10 April 2023

2023 "Cone of Uncertainty" Update & Refresher

Anyone who lives on a hurricane-prone coast or even watches television is familiar with the track forecast cone or "cone of uncertainty" which has been produced by the National Hurricane Center since 2002.  It begins as a point at the current position of a tropical cyclone and expands to show the potential position of the storm's center in the next five days. It is called the "cone of uncertainty" because the further out in time you go, the more uncertain the forecast becomes... and it tends to look like a cone!
(By the way, "tropical cyclone" is a blanket term that refers to tropical depressions, tropical storms, and hurricanes.)

A "cone of uncertainty" for Hurricane Irma (left) and Hurricane Harvey (right). Both cones are from 2017 and are therefore identical to each other in their construction.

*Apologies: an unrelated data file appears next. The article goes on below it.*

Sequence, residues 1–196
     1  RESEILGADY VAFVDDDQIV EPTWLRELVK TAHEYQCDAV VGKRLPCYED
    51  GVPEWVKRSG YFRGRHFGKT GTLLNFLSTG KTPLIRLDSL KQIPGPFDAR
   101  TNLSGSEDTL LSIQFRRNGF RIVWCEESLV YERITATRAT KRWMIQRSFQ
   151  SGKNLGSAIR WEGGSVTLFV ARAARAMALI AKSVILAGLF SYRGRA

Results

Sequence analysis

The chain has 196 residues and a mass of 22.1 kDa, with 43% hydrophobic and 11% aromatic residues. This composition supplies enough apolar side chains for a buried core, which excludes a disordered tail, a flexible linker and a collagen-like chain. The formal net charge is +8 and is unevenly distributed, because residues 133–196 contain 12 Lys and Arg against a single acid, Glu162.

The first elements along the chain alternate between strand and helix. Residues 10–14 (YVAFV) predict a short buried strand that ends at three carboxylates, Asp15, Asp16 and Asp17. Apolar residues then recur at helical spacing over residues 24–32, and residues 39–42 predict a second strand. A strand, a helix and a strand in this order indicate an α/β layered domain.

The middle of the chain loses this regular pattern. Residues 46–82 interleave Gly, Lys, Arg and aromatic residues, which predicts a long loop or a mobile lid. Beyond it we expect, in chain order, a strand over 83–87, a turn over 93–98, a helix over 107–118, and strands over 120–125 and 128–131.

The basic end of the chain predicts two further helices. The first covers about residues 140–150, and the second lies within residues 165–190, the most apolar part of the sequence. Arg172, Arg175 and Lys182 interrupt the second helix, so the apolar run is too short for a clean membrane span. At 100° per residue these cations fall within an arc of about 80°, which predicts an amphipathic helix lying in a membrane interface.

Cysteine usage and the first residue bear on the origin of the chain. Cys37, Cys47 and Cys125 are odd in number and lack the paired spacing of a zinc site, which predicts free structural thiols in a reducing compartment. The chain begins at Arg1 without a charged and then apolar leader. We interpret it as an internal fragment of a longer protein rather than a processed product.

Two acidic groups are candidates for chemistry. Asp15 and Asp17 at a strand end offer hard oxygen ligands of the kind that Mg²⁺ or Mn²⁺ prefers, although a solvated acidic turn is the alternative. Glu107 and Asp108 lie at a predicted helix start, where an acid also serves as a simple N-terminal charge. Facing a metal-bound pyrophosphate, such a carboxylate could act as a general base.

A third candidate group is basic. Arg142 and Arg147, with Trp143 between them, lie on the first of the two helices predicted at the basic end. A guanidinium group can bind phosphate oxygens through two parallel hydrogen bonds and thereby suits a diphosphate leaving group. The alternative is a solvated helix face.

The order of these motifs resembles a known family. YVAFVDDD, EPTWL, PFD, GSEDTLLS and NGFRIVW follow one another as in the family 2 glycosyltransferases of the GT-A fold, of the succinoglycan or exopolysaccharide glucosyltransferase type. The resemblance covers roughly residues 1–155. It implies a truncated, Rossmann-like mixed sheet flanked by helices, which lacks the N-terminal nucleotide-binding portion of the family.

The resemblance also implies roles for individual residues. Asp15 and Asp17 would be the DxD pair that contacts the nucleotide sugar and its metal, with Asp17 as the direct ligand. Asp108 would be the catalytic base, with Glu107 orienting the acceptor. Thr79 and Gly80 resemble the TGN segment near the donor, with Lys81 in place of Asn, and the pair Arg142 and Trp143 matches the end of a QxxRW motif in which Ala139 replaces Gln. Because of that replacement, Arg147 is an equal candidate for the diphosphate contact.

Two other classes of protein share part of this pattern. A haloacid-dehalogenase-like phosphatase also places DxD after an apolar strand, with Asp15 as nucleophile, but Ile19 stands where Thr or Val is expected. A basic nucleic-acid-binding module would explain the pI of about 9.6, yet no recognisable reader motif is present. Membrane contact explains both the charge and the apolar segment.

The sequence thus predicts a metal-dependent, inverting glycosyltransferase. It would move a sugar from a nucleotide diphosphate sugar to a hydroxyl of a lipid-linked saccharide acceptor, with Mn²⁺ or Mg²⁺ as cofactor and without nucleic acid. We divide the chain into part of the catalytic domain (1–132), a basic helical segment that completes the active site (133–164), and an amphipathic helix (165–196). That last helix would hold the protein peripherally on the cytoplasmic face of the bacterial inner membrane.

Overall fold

The size of the cone is fixed for every forecast of every storm during an entire hurricane season, but the size slowly evolves from year to year. If the storm is moving quickly, the cone will appear more elongated and if the storm is moving slowly, the cone will appear more compact... but it's the exact same cone.  The examples shown above are from Irma (left) and Harvey (right); both storms occurred in 2017, so both cones are identical in their construction.

The cone is updated each year prior to the start of hurricane season, and it almost always shrinks each year too.  Hurricane track forecasts are gradually improving, meaning that in general, there is less uncertainty where a storm will track now than there was a decade ago.  In fact, a two-day forecast now is as accurate as a one-day forecast was a decade ago, and a five-day forecast now is more accurate than a three-day forecast was two decades ago!

The map below shows a sample satellite image with the new 2023 cone overlaid on the 2017, 2010, and 2003 cones for comparison.  Improvements are getting increasingly challenging to achieve because there can never be a perfect forecast of a chaotic system like the atmosphere. We call this a "limit of predictability", and there will come a time when we reach it and meaningful improvements can no longer be made.  Some would argue we are very close to -- if not already at -- that limit.  It's critical to understand that forecasts evolve and there is always some amount of uncertainty in them.